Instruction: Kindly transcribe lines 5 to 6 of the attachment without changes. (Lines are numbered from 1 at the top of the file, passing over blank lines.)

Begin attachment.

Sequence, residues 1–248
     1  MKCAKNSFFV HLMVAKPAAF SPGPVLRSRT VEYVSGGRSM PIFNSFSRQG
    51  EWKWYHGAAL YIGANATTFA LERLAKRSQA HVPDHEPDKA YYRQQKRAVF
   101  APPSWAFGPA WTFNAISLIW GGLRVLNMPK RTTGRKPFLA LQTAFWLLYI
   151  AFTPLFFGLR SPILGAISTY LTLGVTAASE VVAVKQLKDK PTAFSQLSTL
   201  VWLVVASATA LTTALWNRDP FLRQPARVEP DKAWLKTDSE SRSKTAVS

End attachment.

   151  AFTPLFFGLR SPILGAISTY LTLGVTAASE VVAVKQLKDK PTAFSQLSTL
   201  VWLVVASATA LTTALWNRDP FLRQPARVEP DKAWLKTDSE SRSKTAVS